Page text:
Community front of mind in referee role

New Football South referee development manager Allys Clipsham at Logan Park Turf earlier this...
New Football South referee development manager Allys Clipsham at Logan Park Turf earlier this year. PHOTO: FOOTBALL SOUTH
Allys Clipsham certainly knows how to make the best of a bad situation.

Had she not broken her leg as a 14-year-old in Wales, it is unlikely she would be Football South’s new referee development manager.

Unable to play, Clipsham used her time out of the game to complete a refereeing qualification.

It proved a good way to return as well, initially.

There were running and fitness components, with no contact and risk of further injury.

She never did make it back into playing seriously, though.

Refereeing became her passion and it was one she now hoped to grow and pass on.

‘‘I just absolutely loved it,’’ Clipsham (28) said.

‘‘I didn’t really play after that, I just carried on refereeing.

‘‘I sort of really enjoyed being involved in the men’s game and the women’s game.

‘‘I knew I’d never be good enough to play in the Premier League, but I hoped I might be good enough to referee in it one day.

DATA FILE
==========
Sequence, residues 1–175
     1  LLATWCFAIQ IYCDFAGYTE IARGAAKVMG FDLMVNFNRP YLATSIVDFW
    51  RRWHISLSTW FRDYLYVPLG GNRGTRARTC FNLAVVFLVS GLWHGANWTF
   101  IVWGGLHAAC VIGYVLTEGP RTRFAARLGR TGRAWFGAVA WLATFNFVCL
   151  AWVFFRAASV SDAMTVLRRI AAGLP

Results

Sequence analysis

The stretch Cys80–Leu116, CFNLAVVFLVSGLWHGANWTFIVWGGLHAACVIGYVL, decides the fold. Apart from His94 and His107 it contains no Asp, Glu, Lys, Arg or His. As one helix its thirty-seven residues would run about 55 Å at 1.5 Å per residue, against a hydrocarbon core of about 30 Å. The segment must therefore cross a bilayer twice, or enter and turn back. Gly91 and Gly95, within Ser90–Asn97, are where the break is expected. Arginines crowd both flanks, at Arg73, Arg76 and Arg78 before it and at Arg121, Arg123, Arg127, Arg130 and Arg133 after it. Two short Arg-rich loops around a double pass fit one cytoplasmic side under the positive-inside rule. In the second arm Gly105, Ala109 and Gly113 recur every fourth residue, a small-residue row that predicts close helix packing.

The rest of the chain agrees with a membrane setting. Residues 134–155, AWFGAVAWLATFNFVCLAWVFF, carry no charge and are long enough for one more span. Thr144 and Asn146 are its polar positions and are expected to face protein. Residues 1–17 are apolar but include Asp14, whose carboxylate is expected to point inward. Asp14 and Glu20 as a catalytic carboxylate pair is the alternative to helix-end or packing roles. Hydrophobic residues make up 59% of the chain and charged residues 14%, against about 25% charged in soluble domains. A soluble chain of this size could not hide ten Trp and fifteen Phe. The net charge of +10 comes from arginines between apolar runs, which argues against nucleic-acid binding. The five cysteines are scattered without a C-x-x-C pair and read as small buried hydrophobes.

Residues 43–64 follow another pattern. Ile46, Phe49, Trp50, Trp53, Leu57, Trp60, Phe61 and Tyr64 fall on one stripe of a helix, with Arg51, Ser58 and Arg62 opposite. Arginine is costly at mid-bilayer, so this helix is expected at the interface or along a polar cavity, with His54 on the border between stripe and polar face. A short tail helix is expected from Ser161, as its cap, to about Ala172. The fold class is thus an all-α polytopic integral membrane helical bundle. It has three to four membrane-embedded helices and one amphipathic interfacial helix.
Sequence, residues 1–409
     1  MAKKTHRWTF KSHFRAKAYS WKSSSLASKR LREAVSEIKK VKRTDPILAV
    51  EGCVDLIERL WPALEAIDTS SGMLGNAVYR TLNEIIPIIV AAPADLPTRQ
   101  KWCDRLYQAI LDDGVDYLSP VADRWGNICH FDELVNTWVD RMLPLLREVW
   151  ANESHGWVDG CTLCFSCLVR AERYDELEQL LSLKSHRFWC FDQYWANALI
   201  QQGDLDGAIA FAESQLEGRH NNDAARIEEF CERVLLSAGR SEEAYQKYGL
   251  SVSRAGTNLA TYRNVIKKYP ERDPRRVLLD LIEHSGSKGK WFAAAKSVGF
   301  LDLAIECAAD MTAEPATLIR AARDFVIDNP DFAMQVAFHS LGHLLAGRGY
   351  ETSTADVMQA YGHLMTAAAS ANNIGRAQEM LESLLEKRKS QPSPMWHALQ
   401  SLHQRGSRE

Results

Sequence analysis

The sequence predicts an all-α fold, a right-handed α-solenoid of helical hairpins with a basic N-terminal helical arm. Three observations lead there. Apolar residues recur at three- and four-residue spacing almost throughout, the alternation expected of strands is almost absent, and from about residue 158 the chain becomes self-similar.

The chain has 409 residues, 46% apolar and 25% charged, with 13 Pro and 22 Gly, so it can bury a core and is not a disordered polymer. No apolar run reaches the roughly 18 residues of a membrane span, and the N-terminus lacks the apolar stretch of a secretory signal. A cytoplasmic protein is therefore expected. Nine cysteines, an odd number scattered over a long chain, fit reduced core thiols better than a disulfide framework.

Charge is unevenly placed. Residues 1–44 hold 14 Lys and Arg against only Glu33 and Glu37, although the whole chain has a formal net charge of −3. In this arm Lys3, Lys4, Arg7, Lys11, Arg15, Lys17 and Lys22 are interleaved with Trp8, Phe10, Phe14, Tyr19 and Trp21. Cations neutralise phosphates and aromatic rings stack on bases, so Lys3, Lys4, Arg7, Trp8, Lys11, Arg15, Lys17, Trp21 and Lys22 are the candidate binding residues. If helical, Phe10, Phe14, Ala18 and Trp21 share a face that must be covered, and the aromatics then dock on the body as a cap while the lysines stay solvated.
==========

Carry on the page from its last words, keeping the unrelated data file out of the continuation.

‘‘Things might have changed a bit in New Zealand, but there’s still a national league here which hopefully I’m part of one day.’’

Clipsham began taking refereeing seriously while living in Bangor in north Wales.

There, she rose all the way referee the Wales women’s FA Cup final.

She had been backpacking around Southeast Asia five years ago when she hit a crossroads — either go home or come to New Zealand.

New Zealand was the option she took.

Five years later she is still here.

She has since refereed two national Cup finals and was recently named New Zealand Football’s assistant referee of the year.

Earlier this year she took a role as a community development officer with Football South.

In that she primarily worked in the women’s and girls’ space, something she enjoyed.

However, refereeing has always been her biggest passion.

So when former referee development manager Lindsey Robinson moved on to do the same job at New Zealand Football, it was an opportunity Clipsham jumped at.

She hoped to continue to grow refereeing in the region, she said.

There had been significant growth in recent years, and she wanted to continue that.

The Football South region had 80 registered referees at present, about 50 of who were active.

She hoped to aim for closer to 150 active referees, as that way the federation could cover games down to 13th grade.

Providing support for new referees was a goal too, as was creating an enjoyable culture.

It was about ‘‘just sharing that knowledge’’, she said of her goals.

‘‘Really making sure everyone is enjoying everything they’re doing on the field.

‘‘Trying to make a community, have that family field to us. That’s what I’m really aiming for.

‘‘At the end of the day we are a team, just like a football team.’’


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